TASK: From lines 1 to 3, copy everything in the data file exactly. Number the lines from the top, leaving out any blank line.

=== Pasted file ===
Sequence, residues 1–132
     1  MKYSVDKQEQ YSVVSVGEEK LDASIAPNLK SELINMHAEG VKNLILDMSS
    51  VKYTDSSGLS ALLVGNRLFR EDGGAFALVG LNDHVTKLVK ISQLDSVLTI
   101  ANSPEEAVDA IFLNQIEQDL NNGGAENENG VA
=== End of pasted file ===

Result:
Sequence, residues 1–132
     1  MKYSVDKQEQ YSVVSVGEEK LDASIAPNLK SELINMHAEG VKNLILDMSS
    51  VKYTDSSGLS ALLVGNRLFR EDGGAFALVG LNDHVTKLVK ISQLDSVLTI